troy on tv

Houston Police Chief Troy Finner faces the nation in masterful network TV appearance

Houston's top cop faces the nation in first big network TV appearance

Troy Finner Face the Nation CBS
Finner pleaded for a calm, measured, empathetic approach to policing.  Screenshot via CBS.com

Masterful, meditative, and measured, Houston’s new police chief Troy Finner arguably stole the show on an April 24 appearance on CBS’s Face the Nation.

Appearing among a distinguished assortment of city and national leaders in law enforcement and political advocacy groups, Finner spoke about his plans for the Houston Police Department’s future. (Watch the full video here.)

Reacting to the recent Derek Chauvin verdict, Finner remarked to host John Dickerson that it was proof that “no one is above the law. If you raise your right hand and take the oath to protect and serve and uphold Constitutional rights — and you do what he did — it’s a message that no is above the law.”

Speaking to the anxiety felt by some in local law enforcement after the verdict, Finner shed some light on that state of HPD. “I do have concerns about our troops on the front lines, but you have to remind them, what did they sign up for? They signed up to protect and serve.”

He also has reminded his staff of some 5,300 officers that “the majority of citizens in Houston and around the nation respect and honor police officers.” The chief also added that he has cautioned to not get “caught up in the negative noise,” and that communities and people of color “are hurting.

The way to remedy, said Finner, is to “give values to their perceptions and life experiences,” and to “get away from the negative” and “build bridges.”

How does Finner plan to build those bridges? The “deep-rooted” chief pointed to his more than three decades in Houston law enforcement. “We’ve got to reach out to non-traditional people. We’ve got to reach out to former gang members, we’ve got to reach out to hip-hop, everybody needs to be in the fight.”

De-escalation of potentially volatile figures to be prominent in Finner’s training regimen. “Sometimes the officers rush in,” he said of fatal encounters, “slow them down.” He also stressed that “sanctity of life is the most important thing. It’s important for everyone to go home — not only our police officers, but the general public.”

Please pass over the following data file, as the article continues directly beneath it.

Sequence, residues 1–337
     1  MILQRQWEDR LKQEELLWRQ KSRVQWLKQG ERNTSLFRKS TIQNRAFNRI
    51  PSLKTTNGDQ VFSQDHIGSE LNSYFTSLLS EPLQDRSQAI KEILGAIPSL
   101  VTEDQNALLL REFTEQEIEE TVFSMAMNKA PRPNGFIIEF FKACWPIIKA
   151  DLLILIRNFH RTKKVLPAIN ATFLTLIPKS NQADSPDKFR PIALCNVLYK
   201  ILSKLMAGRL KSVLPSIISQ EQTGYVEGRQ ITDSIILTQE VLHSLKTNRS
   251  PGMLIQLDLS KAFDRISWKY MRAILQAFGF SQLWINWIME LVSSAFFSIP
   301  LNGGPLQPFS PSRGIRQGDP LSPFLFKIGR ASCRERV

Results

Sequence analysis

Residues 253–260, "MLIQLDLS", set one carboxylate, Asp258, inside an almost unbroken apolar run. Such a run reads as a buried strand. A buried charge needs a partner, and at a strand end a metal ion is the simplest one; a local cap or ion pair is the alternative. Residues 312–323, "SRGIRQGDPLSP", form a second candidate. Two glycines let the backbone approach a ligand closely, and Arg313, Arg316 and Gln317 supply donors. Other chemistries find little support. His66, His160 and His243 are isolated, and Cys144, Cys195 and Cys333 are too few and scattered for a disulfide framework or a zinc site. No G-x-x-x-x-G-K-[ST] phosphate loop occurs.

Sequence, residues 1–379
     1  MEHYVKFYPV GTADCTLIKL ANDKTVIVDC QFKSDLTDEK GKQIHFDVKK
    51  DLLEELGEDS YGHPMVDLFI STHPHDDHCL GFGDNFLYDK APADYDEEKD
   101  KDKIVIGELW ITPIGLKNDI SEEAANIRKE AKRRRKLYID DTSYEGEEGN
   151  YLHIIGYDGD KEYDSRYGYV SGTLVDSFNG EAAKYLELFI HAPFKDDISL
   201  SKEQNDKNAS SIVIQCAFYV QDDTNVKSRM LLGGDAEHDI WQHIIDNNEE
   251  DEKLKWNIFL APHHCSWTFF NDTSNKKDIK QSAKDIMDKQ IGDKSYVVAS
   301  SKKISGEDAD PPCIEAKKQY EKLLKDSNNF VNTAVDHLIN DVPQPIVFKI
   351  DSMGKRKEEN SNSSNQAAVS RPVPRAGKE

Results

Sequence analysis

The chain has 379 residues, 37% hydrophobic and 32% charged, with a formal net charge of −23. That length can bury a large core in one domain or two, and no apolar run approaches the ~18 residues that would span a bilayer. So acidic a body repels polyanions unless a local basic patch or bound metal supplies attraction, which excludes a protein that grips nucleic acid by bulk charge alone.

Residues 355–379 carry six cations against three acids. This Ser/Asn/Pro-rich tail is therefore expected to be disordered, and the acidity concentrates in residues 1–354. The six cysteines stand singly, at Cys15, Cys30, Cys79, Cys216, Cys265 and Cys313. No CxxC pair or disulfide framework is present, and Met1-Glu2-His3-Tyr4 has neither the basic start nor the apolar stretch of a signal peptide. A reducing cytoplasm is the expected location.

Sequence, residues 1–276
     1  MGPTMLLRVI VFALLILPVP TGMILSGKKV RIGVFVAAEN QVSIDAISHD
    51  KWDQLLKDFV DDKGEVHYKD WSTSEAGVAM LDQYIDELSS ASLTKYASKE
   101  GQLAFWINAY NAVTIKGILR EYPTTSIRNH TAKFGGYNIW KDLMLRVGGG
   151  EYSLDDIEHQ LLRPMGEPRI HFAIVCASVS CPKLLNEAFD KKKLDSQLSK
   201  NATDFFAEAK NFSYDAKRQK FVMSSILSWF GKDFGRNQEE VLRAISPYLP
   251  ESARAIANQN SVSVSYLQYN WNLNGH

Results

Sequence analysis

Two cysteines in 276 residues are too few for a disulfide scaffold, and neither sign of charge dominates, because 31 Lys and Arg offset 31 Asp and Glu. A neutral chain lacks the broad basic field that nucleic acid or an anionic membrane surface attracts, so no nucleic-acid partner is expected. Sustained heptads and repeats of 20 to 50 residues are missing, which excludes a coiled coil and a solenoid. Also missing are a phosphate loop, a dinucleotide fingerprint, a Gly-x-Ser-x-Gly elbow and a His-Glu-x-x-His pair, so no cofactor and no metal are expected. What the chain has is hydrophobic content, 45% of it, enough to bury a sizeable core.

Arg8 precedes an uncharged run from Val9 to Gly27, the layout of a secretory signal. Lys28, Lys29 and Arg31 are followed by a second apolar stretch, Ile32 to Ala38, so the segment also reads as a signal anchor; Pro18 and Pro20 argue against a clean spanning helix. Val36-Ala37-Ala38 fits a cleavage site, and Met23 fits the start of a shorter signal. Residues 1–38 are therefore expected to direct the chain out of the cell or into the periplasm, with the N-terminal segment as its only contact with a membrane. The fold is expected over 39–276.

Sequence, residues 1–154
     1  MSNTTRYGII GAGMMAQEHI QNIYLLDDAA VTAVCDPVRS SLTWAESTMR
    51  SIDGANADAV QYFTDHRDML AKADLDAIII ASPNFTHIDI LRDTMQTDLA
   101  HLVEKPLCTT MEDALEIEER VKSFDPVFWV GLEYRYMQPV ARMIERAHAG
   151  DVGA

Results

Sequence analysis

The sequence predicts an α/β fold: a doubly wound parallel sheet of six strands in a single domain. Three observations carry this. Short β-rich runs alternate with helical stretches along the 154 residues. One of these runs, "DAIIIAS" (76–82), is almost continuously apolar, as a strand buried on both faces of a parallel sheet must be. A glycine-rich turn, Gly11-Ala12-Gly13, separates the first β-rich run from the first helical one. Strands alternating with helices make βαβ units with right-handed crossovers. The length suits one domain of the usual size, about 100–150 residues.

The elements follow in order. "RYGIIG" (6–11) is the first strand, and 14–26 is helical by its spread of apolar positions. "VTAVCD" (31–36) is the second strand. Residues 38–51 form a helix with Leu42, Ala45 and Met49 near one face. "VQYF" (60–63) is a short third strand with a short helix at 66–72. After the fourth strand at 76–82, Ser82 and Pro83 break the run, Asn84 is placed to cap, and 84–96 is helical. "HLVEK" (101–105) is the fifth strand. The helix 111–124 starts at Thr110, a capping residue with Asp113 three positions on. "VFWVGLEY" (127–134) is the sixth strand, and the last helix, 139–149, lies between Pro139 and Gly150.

While building bridges and finding common ground, Finner minced no words when it came to the current trend of deadly interactions between Black Americans and police. “Let’s be honest … there are problems … too many unarmed African American or young males of color are being shot in our nation.”

However, he also pointed to “the good work” being done, specifically regarding race and diversity. For example, Finner noted that he is often asked by citizens why more officers of color aren’t present in certain communities of said color.

“I never want to discount the causcasian officers who’ve been in the Black and Latino communities for 25, 35 years and retired, never shot anyone, never had a complaint.”

The chief also teased new reforms by Mayor Sylvester Turner that would increase transparency in Houston law enforcement. “The public needs to know,” he said. “The quicker you put that body camera footage, the better.”

On the topic of “bad” police officers caught on camera, Finner pleaded for an open mind. “Don’t put all officers in one pot,” said Finner, on the topic of disturbing police videos, “just as officers shouldn’t put a particular community in one pot, because when we do that, guess who wins? The criminals and the bad police officers.”

Closing out the insightful segment, Finner sounded more of an American leader than a local top cop. “Let’s come together and have difficult conversations,” Finner said, “and let’s love one another in our nation.”

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